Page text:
Lawrence
Add pictures here
<% if( /^image/.test(type) ){ %>
<% } %>
<%-name%>
Add image file
Upload

Add pictures here
<% if( /^image/.test(type) ){ %>
<% } %>
<%-name%>
Add image file
Upload
<...snipped...>

Sure, even one pine tree and another pine tree have completely different root systems.
--
No dumb questions, just dumb answers.

Larry Wasserman - Baltimore, Maryland - snipped-for-privacy@charm.net
  Click to see the full signature.
Add pictures here
<% if( /^image/.test(type) ){ %>
<% } %>
<%-name%>
Add image file
Upload
www.stihlusa.com
--
Steve Barker


"Bob F" < snipped-for-privacy@gmail.com> wrote in message
  Click to see the full signature.
Add pictures here
<% if( /^image/.test(type) ){ %>
<% } %>
<%-name%>
Add image file
Upload
Bob, hire a profesional and stay far far far away from any tool bigger than a screw driver. Bob F wrote:

Add pictures here
<% if( /^image/.test(type) ){ %>
<% } %>
<%-name%>
Add image file
Upload

LOL
Bob
Add pictures here
<% if( /^image/.test(type) ){ %>
<% } %>
<%-name%>
Add image file
Upload
Bob F wrote:

nope.
want simple? drill a hole in one side of the tree, stick a funnel and fill with waste oil, as it soaks in, add more, check every hour.
then light a match.
lot more fun than a chainsaw :)
other poster: some people dont like chainsaws. if it was me and I couldnt burn it, I'd ask someone if they want free firewood, if that fails, i'd use a winch to pull the tree gently in one direction, and start diggin roots, maybe flood with water depending on soil conditions.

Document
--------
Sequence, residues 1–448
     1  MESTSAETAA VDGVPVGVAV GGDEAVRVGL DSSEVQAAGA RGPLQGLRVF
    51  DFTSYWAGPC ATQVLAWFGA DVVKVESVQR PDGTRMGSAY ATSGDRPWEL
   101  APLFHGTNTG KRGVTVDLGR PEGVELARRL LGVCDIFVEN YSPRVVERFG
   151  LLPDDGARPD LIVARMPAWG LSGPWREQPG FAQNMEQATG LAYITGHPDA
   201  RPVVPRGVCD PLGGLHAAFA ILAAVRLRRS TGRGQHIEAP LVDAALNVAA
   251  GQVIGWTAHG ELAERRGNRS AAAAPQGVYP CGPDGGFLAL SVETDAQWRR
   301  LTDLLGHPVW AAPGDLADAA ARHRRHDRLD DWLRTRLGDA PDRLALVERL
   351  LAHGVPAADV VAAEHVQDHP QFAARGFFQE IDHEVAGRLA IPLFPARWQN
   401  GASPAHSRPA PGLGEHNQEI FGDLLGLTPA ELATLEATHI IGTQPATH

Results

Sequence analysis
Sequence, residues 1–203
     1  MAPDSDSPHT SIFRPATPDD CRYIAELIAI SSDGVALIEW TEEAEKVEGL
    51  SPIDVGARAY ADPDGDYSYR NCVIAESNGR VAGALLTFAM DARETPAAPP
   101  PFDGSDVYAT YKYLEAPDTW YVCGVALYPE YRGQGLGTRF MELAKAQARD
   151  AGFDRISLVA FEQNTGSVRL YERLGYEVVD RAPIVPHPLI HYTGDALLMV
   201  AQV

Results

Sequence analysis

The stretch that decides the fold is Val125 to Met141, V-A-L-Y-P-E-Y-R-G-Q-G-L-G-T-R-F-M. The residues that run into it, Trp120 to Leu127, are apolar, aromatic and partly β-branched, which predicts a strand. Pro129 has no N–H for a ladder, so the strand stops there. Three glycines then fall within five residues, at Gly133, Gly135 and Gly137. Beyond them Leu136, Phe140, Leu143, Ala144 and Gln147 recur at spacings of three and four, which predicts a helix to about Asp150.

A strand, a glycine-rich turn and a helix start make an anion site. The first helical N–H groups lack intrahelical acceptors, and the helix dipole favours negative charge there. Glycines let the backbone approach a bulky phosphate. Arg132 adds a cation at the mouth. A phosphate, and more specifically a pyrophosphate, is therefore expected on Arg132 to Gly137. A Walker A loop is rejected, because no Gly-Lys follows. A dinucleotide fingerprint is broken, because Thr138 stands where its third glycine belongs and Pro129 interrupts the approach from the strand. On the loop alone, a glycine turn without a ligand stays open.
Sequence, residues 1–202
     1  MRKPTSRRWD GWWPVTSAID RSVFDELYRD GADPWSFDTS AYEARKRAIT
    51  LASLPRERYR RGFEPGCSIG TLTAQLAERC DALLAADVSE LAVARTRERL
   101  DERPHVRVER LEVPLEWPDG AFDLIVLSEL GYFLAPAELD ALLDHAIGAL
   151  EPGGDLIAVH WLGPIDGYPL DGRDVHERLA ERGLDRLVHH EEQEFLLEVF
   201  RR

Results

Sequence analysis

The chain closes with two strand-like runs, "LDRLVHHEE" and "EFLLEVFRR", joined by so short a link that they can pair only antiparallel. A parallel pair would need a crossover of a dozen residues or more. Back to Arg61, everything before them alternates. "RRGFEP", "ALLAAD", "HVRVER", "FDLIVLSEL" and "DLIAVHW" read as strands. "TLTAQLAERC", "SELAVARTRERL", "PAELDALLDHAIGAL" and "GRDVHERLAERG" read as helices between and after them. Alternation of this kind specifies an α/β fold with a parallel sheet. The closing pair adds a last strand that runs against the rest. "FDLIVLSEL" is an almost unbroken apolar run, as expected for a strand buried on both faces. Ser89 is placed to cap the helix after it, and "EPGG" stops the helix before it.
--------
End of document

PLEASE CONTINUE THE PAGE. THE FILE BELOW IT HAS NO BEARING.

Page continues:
I got some 50ft pines i will eventually get rid of, if no one claims firewood out of them, I might have to try this.
Add pictures here
<% if( /^image/.test(type) ){ %>
<% } %>
<%-name%>
Add image file
Upload

If you join your local Freecycle group www.freecycle.org or post the wood on Craigslist for free, believe me, people will come running for it, especially now before winter hits. Your free wood will be even more popular if you can cut down the tree into more manageable lengths, but I'm sure that could be a point of negotiation. Good luck!
Add pictures here
<% if( /^image/.test(type) ){ %>
<% } %>
<%-name%>
Add image file
Upload

Are you sure anyone is going to want burn pine? I don't have a fireplace, but isn't burning pine bad for the flue, creosote?
Add pictures here
<% if( /^image/.test(type) ){ %>
<% } %>
<%-name%>
Add image file
Upload

Related Threads

    HomeOwnersHub.com is a website for homeowners and building and maintenance pros. It is not affiliated with any of the manufacturers or service providers discussed here. All logos and trade names are the property of their respective owners.